The author’s farm in nearby Cavite
Food & Drink Features

This Cavite farmer says the COVID-19 crisis should teach us to buy and eat as local as possible

While we’re scrambling for groceries during this enhanced community quarantine, perhaps it’s time to rethink our food choices post-COVID and find new ways to source our food. By CHIT U. JUAN
| Apr 08 2020

When ECHOstore started back in 2008, my two partners challenged me to grow our own vegetables in our small patch of land in Cavite. We have had that land for a few years and never really had time to arrange the old coffee trees and create some plots for organic vegetables. I then asked our farmhands to plant our favorites: arugula (which I used to buy at a premium because what was sold came from Australia), romaine (because Caesar salad is a personal favorite), pechay (because I love local greens just sautéed in garlic), and okra (another favorite). We pretty much had a whole assortment based on the childhood song “Bahay Kubo” that serves as guide to what vegetables can be considered truly local.

Local ampalaya growing on the vine

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Since we started planting our own lowland and highland vegetables, we would have Chef Sau del Rosario in our defunct Le Bistro Vert cook whatever we harvested. At the time, I was experimenting on what to plant, what was popular, and what we consumed a lot of. We would have eggplants, bumper crops of lettuce, and other vegetables like mustard greens which I later found out that only Le Bistro used, as my family was not fond of it.

And that’s how I learned to appreciate locally-grown veggies. I also learned what fruits were ripe for harvest and what were good during summer. I found out that our farm had duhat, plus bananas, coconuts, papaya, even avocado. What bounty!

The author (center) with partners Reena Francisco and Jeannie Javelosa at ECHOfarms

In that same period, I became part of Slow Food (www.slowfood.com) with Chef Margarita Forés and Chef Jam Melchor, an international movement that promotes good, clean, and fair food. My exposure to Slow Food, plus other movements like Global Seed Savers, has led me to speak out about locavorism. 

Locavorism simply means enjoying produce that is grown or raised as close to home as possible, rather than transporting it all the way from Bukidnon or Baguio, let alone from out of the country. Locavorism also led me to become interested in gastronomic tourism, and sustainable tourism as well. Everything is related and even the very business enterprise we founded, ECHOstore (www.echostore.ph), sells only locally-sourced food.

 

Why local?

Buying local makes sense because you consume less energy on the transport of goods. Cavite is 70 kilometers away from Metro Manila, while Baguio is 250 kilometers away, almost four times the distance traveled. So it makes sense for me to enjoy salads and local fare from Cavite, while consuming only 25% of the energy required to transport the produce to the city.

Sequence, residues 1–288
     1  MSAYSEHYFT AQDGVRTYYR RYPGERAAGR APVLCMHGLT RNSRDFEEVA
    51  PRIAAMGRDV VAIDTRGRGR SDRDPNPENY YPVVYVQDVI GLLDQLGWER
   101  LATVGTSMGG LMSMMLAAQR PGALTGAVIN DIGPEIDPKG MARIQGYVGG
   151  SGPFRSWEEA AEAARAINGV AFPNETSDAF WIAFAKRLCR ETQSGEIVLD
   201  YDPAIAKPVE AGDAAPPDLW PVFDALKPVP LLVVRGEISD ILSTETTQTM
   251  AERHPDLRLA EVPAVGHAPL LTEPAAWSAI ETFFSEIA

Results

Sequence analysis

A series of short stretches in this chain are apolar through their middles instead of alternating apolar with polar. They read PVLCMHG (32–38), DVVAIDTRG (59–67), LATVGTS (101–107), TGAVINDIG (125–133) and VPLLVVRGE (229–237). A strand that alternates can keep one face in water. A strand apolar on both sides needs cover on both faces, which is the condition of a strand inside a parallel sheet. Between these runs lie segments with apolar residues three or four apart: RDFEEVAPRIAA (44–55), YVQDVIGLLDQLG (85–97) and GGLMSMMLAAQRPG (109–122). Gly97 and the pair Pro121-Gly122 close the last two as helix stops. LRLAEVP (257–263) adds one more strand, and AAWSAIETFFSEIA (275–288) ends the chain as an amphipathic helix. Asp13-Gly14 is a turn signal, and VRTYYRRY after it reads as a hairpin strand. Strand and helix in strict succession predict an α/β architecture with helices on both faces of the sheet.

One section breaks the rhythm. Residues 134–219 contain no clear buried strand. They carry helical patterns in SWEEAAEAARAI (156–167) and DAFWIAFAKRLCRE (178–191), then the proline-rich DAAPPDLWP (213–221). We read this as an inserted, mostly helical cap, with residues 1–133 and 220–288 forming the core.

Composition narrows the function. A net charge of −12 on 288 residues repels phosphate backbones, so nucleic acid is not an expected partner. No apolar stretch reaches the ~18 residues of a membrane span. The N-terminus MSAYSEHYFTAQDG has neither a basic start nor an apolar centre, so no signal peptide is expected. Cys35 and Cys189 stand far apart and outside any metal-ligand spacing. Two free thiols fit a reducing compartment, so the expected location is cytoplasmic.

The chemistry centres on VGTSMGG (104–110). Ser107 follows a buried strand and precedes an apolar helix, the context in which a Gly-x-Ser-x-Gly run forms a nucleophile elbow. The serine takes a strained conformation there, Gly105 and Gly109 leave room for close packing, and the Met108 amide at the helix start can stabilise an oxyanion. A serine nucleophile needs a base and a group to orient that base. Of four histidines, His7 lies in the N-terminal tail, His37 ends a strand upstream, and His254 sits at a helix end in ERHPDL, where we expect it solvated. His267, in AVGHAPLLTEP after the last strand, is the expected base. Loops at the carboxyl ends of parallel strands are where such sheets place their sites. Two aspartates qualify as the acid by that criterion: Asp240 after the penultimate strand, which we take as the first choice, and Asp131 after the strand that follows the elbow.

The author’s farm located just 70 kilometers from the metropolis

Why plant what we plant?

We plant only what we can consume. This way, we do not throw any vegetables because of a bumper crop. Usually, farmers grow in volume for economies of scale, but they risk not being able to sell all their crop. Our farm has only a few plots and we rotate what we plant. We use our own fertilizer, too. Agnes Escalante of Antonio’s sold me my first few kilos of worms, which we use to make vermicompost to feed the soil.

Local is fresher.

I stopped buying imported vegetables since we started the ECHOfarms. I also only buy from as close to point of use as possible. If you can, I believe it is much better to grow what you can for your own consumption. Or the next best thing is to buy from the nearest farm, not the nearest market. The idea is to shorten the supply chain.

Planting fruits and vegetables doesn’t require a large plot of land

A case for eating less meat.

Imported meats have flooded our supply chain. That may change. Food companies may have a hard time importing meat after this COVID-19 crisis. Since we do not have much of a domestic meat supply, it may be that our diets will soon involve less meat.

Maybe it’s time to make beef a once-a-week thing rather than more often? We do not have a local cattle industry to speak of anyway. Unless you find a nearby source for local grass-fed pigs, you may be better off not consuming too much pork or pork products. For example, did you know that Vienna sausage is actually made from TVP or textured vegetable protein, and not 100% real pork? If you learn about how commercially-bred chickens are raised, you may actually be better off switching to other sources or lessening your consumption of chicken.

Farmed fish is what you see in most groceries these days, while fresh fish can only be had when we are able to travel again. In the meantime, just make sure to go easy on sardines and canned fish which are highly salted and processed. 


So what do we eat now?  

Find a farm within 70 kilometers or closer. Look for vegetable gardens closer to your home or business. Visit a homestead and get inspiration from people who live off their farm.

Eating local may be hard to do, but baby steps during this COVID-19 time are certainly possible. Take a map and see what is closest to your home. Or better yet, find a small patch of land near your home and start your own personal vegetable garden. When I was little, we had a gardener who grew our vegetables in a lot behind our house.

Perhaps this crisis is forcing us to think about a new way of consuming food. It may not be about scale, but about getting to know food sources nearer you. Simply put, let’s buy local.